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  • Joe Graviss

Legislative Update - 2/1/2020 - Governor Beshear's Budget Plan for State Government 2020-2022

In even-numbered years, the top priority of the General Assembly is always the same: Pass a budget to run state government. As our state constitution calls for, Governor Andy Beshear started this process off early last week when he made his plan public.  Legislators have the final say on what ultimately becomes law, but I believe he has given us an excellent start—with no proposed cuts, a first since 2006-2008.

            Just as he promised when taking office two months ago, his budget is very much education-focused.  In fact, he proposes spending $400 million extra in this critical area alone for the next two years. And the extra came from some reasonable, rational areas like cigarettes, vaping (proposals some of my republican colleagues have already introduced), inflationary adjustments to the LLC tax (a modest $50 a year increase), historically low fund transfers and a modest amount from the proposed sports wagering bill the U.S. Supreme Court made possible in 2018. And I’m very happy to see he kept our debt ratio at 5.27%--one of the lowest since adoption of the 6% debt policy.

            Before highlighting those and other details, I want to explain what we mean, exactly, when talking about the budget.

If you count every tax dollar that flows through state government – a figure that includes federal sources as well as such restricted funds as college tuition – the total for the 2021 and 2022 fiscal years amounts to about $82 billion.  That’s $7 billion more than Target makes in a single year.

            Most of the General Assembly’s focus on the budget centers on two key sections funded by your state tax dollars: the General Fund and the Road Fund.  The former is roughly $12 billion a year, while the latter amounts to about $1.6 billion annually. Together, these two areas largely guide how the remaining federal and restricted funds are spent.

            In breaking the General Fund down further, about 42 percent goes to elementary and secondary education; 10 percent is sent to our public colleges and universities; 25 percent represents our contribution to Medicaid and other human services; 12 percent covers criminal justice; and the remainder pays for everything else, from our state parks to environmental protection.

            Governor Beshear’s budget has a lot of positives in each of those broad spending areas.  In education, the new money I mentioned will go to boost per-pupil spending, provide raises to teachers, set aside money for new textbooks, and begin the first phase of upgrades called for in 2019’s school-safety law.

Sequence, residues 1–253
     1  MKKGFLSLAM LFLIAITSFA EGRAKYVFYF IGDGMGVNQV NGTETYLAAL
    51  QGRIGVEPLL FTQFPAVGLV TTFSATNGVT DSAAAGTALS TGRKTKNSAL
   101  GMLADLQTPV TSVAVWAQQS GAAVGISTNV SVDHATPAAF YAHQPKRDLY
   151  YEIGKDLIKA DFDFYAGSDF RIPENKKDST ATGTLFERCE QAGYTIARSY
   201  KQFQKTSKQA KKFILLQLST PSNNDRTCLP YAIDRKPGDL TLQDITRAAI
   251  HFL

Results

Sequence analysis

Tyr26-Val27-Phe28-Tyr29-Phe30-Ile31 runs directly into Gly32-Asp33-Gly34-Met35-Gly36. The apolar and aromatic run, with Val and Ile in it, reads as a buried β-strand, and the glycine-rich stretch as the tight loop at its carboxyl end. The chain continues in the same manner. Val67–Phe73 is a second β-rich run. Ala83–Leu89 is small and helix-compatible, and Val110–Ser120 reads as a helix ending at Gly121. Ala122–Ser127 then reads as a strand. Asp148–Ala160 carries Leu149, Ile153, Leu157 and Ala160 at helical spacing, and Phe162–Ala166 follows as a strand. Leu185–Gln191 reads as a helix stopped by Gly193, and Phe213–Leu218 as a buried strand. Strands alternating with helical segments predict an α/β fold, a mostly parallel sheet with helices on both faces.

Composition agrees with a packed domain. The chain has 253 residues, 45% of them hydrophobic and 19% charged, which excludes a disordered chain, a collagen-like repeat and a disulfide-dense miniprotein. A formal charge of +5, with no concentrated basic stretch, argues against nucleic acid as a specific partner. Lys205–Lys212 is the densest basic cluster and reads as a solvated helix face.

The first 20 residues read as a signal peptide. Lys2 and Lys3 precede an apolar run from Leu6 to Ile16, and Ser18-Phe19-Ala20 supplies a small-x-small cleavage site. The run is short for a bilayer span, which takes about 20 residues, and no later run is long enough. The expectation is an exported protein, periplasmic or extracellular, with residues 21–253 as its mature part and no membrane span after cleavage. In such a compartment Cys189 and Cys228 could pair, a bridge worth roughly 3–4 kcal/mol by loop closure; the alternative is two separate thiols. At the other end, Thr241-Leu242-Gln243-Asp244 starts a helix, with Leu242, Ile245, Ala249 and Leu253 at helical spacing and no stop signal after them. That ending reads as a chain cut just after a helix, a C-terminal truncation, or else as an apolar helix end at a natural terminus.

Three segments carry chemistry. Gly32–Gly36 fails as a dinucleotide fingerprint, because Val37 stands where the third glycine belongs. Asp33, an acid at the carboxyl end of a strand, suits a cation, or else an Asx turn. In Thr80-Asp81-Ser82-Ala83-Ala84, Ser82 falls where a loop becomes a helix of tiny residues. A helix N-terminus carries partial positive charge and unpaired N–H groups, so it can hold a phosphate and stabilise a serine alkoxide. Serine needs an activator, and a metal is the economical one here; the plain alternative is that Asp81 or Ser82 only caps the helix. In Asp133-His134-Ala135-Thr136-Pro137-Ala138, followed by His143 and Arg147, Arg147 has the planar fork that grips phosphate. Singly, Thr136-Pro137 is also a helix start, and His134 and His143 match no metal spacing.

For the first time in years, higher education would get an increase rather than a reduction under this budget.  With Kentucky and four other states being the only ones last year still cutting our public colleges and universities, this new money is something they desperately need.

            In health and human services, the governor’s budget fully funds the Medicaid expansion and would hire an additional 350 social workers to ease the too-high caseloads faced by current workers.

            In public safety, he proposes raising the training stipend for eligible first responders and increasing the salaries of Kentucky State Police troopers, and he leases space in a former private prison to replace the loss of prison beds in recent years because of aging facilities too expensive to repair.

            His budget gives raises to state workers and will ultimately continue to fully fund our public retirement systems.  It also would provide much-needed relief to our quasi-governmental agencies that simply cannot afford a steep increase in their public-retirement payments or to opt out of the systems as allowed under a law passed last summer that I opposed. Either approach would all but force these agencies – from regional universities to public health departments – to slash services or, in the worst cases, shut down altogether costing the state millions to provide statutorily required services.

            Elsewhere, our coal counties in this budget would benefit by getting most of their severance dollars back rather than splitting them with the state.  This would be the first time that has happened, and it’s so important to many communities that have seen their own budgets hit especially hard due to declines in coal production.

            When it comes to transportation, Governor Beshear said the bigger projects he’d push in his road plan is speeding up the expansion and extension of the ongoing Mountain Parkway and getting a new Ohio River bridge near Henderson under construction.

On a smaller scale but still highly important, I’m pleased to see Governor Beshear’s budget makes women and minorities a priority by strengthening commissions addressing their needs.

            There are many more details, of course, and a good place to learn about them is by reviewing the supporting budget documents, which can be read here:

            As legislators begin to comb through the budget page by page and decide what changes to make, your input is especially important.  To let me know your views, you can reach me by email at, and you can leave a phone message for me or any legislator by calling 1-800-372-7181.  That toll-free line is open each weekday.

            Thanks for all you do and holler anytime.

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